Lonely Graves and Horseshoe Bend

The Lonely Graves near Milllers Flat

Follow on down the road from Millers Flat on the true left of the Clutha River, and at 11 km you will come to the site of Horseshoe Bend Diggings. There is little sign of the village now, but the Lonely Graves just further on, are well known and the restored Horseshoe Bend suspension bridge can be accessed by a public walking track.

Lonely Graves. DOC

The story goes (a popular myth, not a fact) that late in 1864, William Rigney found a shivering dog beside the dead body of a good-looking young man. The police were notified but nobody came to claim the body. Rigney dug the grave and everyone at the diggings attended the funeral. The pine slab with these words burned on: “Somebody’s Darling Lies Buried Here” marks the grave. When Rigney died in 1912, he was buried alongside as he had wished. His stone was engraved:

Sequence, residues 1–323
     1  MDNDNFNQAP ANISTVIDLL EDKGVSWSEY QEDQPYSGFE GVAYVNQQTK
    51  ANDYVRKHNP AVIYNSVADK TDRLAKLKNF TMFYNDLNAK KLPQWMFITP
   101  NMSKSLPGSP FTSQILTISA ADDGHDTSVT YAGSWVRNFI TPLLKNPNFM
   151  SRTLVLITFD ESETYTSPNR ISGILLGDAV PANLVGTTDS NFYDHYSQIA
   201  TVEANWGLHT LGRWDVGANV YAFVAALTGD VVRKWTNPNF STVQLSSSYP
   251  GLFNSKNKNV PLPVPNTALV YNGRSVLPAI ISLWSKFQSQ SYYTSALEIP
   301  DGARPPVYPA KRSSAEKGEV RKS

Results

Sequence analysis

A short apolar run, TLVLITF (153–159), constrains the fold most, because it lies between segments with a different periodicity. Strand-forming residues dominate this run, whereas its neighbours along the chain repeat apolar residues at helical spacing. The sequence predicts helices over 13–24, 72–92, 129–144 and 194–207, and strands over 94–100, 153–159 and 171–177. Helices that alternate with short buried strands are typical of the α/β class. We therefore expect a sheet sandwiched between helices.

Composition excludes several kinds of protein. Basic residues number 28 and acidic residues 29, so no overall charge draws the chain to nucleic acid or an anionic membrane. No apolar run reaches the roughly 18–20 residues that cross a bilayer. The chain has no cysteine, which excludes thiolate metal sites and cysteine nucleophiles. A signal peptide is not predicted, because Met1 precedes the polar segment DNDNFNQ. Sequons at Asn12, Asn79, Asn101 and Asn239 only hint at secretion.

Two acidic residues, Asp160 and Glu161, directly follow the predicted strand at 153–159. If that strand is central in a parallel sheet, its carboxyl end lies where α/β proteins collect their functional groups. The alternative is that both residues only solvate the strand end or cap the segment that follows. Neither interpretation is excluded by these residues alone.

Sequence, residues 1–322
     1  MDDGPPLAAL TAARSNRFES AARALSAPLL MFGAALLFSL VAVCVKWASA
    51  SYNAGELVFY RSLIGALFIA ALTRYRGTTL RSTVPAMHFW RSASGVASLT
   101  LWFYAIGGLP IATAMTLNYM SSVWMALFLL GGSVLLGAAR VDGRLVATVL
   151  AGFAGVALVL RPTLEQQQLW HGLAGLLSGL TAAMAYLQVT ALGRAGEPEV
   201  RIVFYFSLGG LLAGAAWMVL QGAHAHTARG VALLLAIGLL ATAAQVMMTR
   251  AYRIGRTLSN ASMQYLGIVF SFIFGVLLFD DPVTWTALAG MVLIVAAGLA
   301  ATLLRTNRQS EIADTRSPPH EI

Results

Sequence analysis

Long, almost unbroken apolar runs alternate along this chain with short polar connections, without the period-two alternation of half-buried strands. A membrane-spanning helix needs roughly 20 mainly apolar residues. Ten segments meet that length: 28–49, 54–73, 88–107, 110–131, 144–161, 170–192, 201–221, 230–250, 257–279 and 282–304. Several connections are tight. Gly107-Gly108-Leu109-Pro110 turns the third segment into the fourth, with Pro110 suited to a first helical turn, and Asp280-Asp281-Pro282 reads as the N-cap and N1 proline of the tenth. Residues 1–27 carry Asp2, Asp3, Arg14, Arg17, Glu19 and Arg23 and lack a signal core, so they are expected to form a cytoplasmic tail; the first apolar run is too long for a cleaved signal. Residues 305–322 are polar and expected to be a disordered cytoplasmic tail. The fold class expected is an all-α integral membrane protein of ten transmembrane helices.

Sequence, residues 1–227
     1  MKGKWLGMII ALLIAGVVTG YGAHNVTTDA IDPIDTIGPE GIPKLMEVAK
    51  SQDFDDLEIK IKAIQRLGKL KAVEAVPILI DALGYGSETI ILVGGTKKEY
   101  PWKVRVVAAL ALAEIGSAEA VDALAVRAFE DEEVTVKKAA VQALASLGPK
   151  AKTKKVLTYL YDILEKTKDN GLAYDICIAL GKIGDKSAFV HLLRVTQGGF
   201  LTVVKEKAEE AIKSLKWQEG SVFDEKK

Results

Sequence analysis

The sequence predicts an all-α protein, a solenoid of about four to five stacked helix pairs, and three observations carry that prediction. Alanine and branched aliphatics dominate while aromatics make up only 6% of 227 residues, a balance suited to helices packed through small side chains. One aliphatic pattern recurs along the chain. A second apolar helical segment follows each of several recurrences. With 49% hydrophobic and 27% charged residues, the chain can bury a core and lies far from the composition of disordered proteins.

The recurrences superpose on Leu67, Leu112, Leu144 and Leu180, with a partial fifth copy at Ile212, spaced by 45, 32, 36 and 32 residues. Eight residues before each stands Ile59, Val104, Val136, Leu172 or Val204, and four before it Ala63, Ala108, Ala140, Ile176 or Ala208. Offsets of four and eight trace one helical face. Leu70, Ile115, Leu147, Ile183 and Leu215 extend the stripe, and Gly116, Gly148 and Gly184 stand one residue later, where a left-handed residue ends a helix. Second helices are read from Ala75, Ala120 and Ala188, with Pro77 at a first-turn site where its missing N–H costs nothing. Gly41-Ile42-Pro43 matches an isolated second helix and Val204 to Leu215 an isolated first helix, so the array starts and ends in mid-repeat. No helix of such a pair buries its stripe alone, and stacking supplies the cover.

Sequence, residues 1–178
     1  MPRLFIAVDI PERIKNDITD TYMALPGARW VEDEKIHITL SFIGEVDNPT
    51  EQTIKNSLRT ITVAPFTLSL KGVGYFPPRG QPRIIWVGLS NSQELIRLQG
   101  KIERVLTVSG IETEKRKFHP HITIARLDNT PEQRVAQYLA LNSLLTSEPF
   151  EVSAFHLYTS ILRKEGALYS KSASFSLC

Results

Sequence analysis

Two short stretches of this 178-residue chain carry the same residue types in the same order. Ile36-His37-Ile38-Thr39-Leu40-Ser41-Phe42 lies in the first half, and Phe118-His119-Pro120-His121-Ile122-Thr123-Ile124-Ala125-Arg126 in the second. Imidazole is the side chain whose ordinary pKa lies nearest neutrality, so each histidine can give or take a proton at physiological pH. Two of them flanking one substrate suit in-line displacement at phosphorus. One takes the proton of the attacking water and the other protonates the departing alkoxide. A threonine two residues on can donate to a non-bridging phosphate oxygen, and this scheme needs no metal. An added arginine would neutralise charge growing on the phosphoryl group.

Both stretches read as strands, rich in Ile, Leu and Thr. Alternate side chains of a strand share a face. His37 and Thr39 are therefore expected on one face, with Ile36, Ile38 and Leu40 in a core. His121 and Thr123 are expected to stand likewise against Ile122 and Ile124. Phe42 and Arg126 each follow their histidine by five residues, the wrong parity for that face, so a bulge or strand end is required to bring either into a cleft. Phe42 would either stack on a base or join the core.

“Here lies William Rigney, the man who buried Somebody’s Darling.”


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